5 Disrespectful Monuments Needing Removal (or Remodeling)

The removal of a Confederate monument in New Orleans has inspired folks in other towns to raise funds and build the momentum of removing from the public eye various Confederate monuments that have been raised across the nation.

While the tainted legacy of the Confederate cause is once again a talking point in the American public, the public has bigger fish to fry. A single steel statue in a square may offend people, but some monuments are more than statues. Some monuments are more pervasive than others. There are other, more prominent monuments that the nation should strongly consider recontextualizing, replacing, or removing. Some of these are brick-n-mortar monuments. Others are printed.

Consider the following five impertinent monuments that need removal or reshaping:

  1. Stone Mountain—Stone Mountain, GA has one of an awkward relief carving. In the midst of a beautiful, almost egg-like pluton is a scab-like crater in which was carved the image of three men on horseback. It’s one thing to make a statue of a past leader. It’s another to remove a giant chunk of rock from a public park in order to carve the likeness. Imagine if we had carved the likeness of loyalist Thomas Hutchinson into Natural Bridge, VA to remember those who fought for British rule of the colonies. The carving itself isn’t so much disrespectful as just weird. The disrespectful part is that the KKK was re-founded on the top of Stone Mountain, burning cross and all. So let’s make a deal: Honor the proposal to place a liberty bell in honor of MLK Jr on top of the mountain, and you get to keep the relief of Lee and company. This will clear up any confusion, a monument that can, in an unwieldy way, represent state’s rights and racial equality at the same time.
  2. OLYMPUS DIGITAL CAMERAMount Rushmore—As above, it’s too late to change what has already been done to the beautiful mountain. Now we have the faces of four men where beforehand God had made a beautiful rock. If we’d wanted to build statues to four famous presidents, that would have been appropriate. But giant carvings into a mountain? That’s overkill. Besides, the Treaty of Ford Laramie declares the Black Hills to belong to the Lakota tribe, not the U.S. government. We had no right to carve anything on the rock, especially not Roosevelt. It is a great insult to a people to take their land away from them only to carve upon it the face of a man who said, “The most ultimately righteous of all wars is a war with savages.” In this case also, let time and weather take it away. Let not a single tax dollar pay for its restoration. It is not a national treasure to the nation the property truly belongs to.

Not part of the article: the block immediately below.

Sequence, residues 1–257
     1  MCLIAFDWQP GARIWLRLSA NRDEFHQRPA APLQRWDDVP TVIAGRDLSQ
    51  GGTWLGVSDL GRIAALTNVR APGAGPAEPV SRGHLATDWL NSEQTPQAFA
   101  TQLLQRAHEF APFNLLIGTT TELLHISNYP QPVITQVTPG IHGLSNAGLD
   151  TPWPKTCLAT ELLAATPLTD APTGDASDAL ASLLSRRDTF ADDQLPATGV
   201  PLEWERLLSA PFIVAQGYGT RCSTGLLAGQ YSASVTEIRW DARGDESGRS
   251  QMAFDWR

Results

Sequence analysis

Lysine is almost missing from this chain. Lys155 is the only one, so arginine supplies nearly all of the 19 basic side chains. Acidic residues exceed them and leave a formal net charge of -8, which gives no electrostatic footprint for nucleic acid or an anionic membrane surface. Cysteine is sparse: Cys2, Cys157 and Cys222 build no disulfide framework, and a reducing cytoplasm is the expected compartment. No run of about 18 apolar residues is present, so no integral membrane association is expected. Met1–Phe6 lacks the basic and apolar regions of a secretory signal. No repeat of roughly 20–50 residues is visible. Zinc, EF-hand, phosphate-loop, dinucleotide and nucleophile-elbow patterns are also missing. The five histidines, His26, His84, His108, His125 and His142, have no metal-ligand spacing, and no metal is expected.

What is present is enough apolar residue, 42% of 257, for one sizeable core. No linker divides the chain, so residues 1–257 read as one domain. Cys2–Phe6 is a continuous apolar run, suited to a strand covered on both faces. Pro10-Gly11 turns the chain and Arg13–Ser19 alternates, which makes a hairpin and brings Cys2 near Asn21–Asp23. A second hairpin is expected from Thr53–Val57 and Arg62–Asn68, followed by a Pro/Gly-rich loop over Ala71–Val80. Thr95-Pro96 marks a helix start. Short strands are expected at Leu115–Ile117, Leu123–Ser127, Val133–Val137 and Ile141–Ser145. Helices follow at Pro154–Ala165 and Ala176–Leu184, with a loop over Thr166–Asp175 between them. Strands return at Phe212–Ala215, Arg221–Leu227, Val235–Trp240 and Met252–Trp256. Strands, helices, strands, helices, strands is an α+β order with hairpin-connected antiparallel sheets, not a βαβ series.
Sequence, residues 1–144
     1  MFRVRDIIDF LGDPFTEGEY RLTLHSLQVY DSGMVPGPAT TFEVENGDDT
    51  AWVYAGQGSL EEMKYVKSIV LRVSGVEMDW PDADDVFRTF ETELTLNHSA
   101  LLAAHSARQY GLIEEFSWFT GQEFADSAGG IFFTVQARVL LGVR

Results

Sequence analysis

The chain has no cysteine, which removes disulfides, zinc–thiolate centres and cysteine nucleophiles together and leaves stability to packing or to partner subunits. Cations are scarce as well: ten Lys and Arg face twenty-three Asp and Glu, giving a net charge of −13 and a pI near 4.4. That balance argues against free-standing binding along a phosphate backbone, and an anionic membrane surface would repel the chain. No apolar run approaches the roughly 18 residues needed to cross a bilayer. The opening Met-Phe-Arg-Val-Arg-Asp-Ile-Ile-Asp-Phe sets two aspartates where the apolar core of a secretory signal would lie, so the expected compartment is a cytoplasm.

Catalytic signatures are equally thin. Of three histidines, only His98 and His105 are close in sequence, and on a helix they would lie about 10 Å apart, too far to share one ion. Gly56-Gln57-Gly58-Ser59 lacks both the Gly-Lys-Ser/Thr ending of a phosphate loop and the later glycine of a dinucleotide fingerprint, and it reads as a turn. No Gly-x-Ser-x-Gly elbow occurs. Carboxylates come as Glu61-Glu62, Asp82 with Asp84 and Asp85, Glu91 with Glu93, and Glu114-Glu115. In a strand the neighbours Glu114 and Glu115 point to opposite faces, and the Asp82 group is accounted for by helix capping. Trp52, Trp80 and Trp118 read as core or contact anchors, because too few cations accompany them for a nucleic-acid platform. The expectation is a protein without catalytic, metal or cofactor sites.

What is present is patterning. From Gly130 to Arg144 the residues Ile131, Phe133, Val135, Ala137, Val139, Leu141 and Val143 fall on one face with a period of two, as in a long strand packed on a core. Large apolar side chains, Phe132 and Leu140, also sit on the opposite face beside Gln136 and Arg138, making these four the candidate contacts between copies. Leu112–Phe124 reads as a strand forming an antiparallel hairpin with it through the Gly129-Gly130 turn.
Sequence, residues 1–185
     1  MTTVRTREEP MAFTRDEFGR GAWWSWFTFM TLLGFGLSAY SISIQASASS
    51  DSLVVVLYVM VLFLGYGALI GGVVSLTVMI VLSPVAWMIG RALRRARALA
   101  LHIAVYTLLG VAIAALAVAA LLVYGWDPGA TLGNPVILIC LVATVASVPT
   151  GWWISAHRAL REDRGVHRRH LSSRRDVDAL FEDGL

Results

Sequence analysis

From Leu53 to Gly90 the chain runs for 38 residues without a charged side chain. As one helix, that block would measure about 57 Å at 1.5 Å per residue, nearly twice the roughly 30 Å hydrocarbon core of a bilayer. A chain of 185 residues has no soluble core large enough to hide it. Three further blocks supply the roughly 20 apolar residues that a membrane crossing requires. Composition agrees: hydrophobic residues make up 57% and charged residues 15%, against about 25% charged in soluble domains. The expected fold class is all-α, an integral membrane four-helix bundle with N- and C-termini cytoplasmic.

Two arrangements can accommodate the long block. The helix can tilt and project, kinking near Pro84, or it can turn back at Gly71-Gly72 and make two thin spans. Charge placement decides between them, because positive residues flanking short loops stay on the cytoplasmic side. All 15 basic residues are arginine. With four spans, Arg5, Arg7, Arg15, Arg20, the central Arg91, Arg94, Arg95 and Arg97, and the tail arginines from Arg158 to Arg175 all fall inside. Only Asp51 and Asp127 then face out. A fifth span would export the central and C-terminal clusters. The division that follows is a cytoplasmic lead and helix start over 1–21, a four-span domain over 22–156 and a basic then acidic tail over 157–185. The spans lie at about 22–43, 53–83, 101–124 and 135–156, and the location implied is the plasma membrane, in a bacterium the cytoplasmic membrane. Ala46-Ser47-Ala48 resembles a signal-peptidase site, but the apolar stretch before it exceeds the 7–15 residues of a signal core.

3. Andrew Jackson on the $20 Bill—Not only is it a joke to put a statesman’s face on a piece of money (or paper representing money), but Jackson is one of the worst choices. Jackson’s legacy is one of support for slavery and signing the Indian Removal Act. By by now we have to have a better choice than Jackson for the twenty. Even Garfield would be a better choice. Yes, the cat too. He better represents our consumer economy anyway.
  4. Columbus Day—It’s getting old. Columbus plundered the Americas for gold, and was far from the first European to discover the continent. We didn’t even name the country after him. He assisted in exterminating indigenous people, and enslaved others. He may have sent more slaves than any one individual across the Atlantic ocean. So let’s scrap the holiday and replace it with Las Casas Day.
  5. The U.S.-Mexico Fortified Wall—I know it hasn’t been built yet, but let’s remove the idea of building it, an idea which, to many Americans, has already been pre-memorialized. We have a border. It has walls and fences. Making it a 30-foot wall isn’t going to stop people from arriving illegally. It will cost billions to build and maintain for generations to come. It’s ambitious scope presents more problems than solutions, economically, culturally, and environmentally. Though it will function as a barrier, it will also function as a monument, one that not only conflicts with the values of the Constitution and the Statue of Liberty, but also of a sizable portion of Americans, whose voice matter in a democracy.

The notion that people need monuments in order to preserve culture is often suspect. When we build an excess of statues and monuments to our achievements and our leaders, we run the risk of celebrating the wrong thing. If the public is going to have its tax dollars used to create a monument, more consensus must be drawn from the public to commission it. As time passes, if the consensus no longer exists to maintain or even celebrate it, let the monument be archived, sold, or destroyed. If statues are how you remember the past, you’re not trying hard enough to remember the past. If your statue was built to manufacture a consensus of celebration, your statue is in vain.

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